Tuesday, 25 August 2020

The magic and mystery of money


If nothing else of enduring benefit survives post Covid, let us hope it is a better understanding of money, where it comes from and how we can better use it for public good.


The $100 billion plus cost of Federal government stimulus measures to date was found without much fuss. Where did it come from? Most of it from thin air. The government raised some money from third parties by issuing bonds (IOUs) but subsequently many of these have been bought by our own bank, the Reserve Bank (RBA). Where did it get the money from? It’s not like you and me. It is in the unique position of being a currency issuer. It spends money simply be crediting other people’s bank accounts. Whether spending to buy bonds or by spending on behalf of the Federal government, the process is the same. It simply marks up people’s bank account.

There has been a lot of recent discussion in the media about how governments can finance their spending. Advocates for Modern Monetary Theory (MMT) have been trying to tell us for years that much of what is commonly believed about money, government spending and debt is not a reflection of what happens. We now have seen first-hand how the RBA has bought bonds from third parties simply by marking up sellers’ bank accounts.

All Federal government spending is done this way. People’s bank accounts are simply marked up. We the people don’t have accounts with the RBA so the RBA credits our banks with money (which are called bank reserves) so banks can then credit our individual accounts. Banks are intermediaries. One of their roles is to hold reserves on behalf of customers. Reserves are created by Federal government spending. Reserves are sometimes called inside money because they are passed around inside the banking system from bank to bank when customers with different banks spend money.

But most money circulating in the economy has been created by private banks, so called outside money, which distinguishes it from reserves or inside money which only circulates within the banking system to settle customer transactions.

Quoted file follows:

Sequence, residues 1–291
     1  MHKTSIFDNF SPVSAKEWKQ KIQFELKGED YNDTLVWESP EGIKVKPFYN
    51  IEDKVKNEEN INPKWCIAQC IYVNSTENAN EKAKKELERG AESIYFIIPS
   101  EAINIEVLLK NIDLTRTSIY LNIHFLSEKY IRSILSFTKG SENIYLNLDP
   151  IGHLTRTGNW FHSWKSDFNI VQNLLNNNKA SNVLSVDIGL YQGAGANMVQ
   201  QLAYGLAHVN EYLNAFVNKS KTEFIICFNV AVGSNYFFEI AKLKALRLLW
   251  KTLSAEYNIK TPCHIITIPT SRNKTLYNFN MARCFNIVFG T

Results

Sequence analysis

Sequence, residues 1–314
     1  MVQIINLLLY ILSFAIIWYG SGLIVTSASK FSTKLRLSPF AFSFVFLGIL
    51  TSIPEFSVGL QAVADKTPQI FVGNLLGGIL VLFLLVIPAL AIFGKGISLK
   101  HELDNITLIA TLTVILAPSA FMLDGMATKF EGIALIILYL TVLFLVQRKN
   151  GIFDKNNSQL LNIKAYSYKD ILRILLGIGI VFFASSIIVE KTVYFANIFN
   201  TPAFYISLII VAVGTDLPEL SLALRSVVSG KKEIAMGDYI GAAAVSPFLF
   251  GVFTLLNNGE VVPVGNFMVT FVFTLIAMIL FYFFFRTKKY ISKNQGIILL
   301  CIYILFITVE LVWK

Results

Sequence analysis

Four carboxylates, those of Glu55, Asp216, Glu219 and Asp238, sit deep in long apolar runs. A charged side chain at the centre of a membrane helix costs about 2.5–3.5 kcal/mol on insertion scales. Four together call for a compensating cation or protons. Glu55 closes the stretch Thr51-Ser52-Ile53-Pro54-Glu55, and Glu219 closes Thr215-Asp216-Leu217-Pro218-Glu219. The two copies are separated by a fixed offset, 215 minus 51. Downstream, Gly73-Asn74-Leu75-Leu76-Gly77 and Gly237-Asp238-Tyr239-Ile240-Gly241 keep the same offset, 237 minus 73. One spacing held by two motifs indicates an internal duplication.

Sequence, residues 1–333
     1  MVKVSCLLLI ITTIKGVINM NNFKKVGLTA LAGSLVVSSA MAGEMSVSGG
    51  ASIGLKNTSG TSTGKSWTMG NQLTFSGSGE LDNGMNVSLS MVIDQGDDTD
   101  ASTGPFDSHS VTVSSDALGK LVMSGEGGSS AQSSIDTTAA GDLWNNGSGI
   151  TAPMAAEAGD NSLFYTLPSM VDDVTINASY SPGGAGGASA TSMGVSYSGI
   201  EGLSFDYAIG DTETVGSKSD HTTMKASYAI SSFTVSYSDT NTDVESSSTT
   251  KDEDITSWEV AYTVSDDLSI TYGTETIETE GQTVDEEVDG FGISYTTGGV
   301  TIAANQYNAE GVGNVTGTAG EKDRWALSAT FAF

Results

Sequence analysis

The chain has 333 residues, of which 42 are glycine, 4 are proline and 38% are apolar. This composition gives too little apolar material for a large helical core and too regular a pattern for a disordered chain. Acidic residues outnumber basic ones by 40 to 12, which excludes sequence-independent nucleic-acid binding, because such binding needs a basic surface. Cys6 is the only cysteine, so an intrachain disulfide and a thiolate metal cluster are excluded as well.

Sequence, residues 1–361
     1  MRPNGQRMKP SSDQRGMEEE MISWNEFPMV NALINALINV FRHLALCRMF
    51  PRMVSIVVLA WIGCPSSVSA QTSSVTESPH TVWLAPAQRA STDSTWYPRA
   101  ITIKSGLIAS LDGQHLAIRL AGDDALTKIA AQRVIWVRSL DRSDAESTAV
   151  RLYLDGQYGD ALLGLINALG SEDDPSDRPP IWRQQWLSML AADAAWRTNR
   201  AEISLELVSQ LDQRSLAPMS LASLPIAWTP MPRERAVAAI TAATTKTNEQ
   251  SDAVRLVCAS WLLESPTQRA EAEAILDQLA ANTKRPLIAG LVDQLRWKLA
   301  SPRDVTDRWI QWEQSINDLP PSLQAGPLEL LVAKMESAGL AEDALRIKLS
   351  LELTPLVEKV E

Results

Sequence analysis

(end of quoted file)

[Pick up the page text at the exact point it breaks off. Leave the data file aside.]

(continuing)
Outside money represents about 97 per cent of all money in the economy. The balance is inside money.

Every time banks make a loan, money is created via a new deposit. When a loan is repaid, money is destroyed. It’s a digital world. Money doesn’t sit in a vault waiting to be lent.

With net credit growth averaging 15 per cent there’s a lot of money sloshing around the economy. Most of it has found its way into the hands of the top 5 per cent although much of the debt remains with others lower down the food chain. That’s how trickle-up economics works.

What does the top end of town do with all the spare cash originally created by private banks?

Two things spring to mind.

First, get everyone to believe that governments must borrow money from them if taxation doesn’t raise enough. At the same time campaign for reduced company taxation to promote economic growth knowing there’s little evidence it will work and the government will need to borrow more.

Second, open another public relations front scaring the public into believing that too much debt will cripple our grandchildren and one way of helping out is to buy government businesses, only the profitable ones of course or those with guaranteed or regulated returns. Overstate short term fiscal gains and gloss over long term social losses.

We now know the Federal government needn’t operate with the institutional strait jacket it has over the past 20 years. It needn’t raise every dollar by buying back excess reserves and issuing IOUs. It needn’t underfund government services or sell off business to help pay its way and balance its budget.  Current problems in the aged care sector are a reminder of the pitfalls of such an approach.

The concept of living within one’s means is something that applies to households, local and state governments. When applied to the Federal government which can issue its own currency, it’s an ideological statement not an accounting truism. Therein lies the suggested path for a reform of the Federation. We must use the power of the Federal government to put State and local governments on a long-term sustainable footing so they can provide the necessary services which will inevitably grow much faster than government revenue. Currently underfunding is the rule rather than the exception. It will get far worse without a radical rethink. To pretend otherwise is to engage in self delusion.

A belief that bringing forward infrastructure spending or a few major projects will provide the necessary impetus is also self delusional. This is no ordinary crisis. We have used up all our luck to get to our present situation. The role of governments and the funding thereof needs a major overhaul.

Living within our means shouldn’t be a self-imposed financial constraint, rather a goal to use all resources, especially idle labour resources, to better improve society.

Understanding the magic and mystery of money is a prerequisite.

1 comment:

  1. Quality stuff - still reading Steph Kelton's book but early indications are it appears we have been sold a pup for decades now.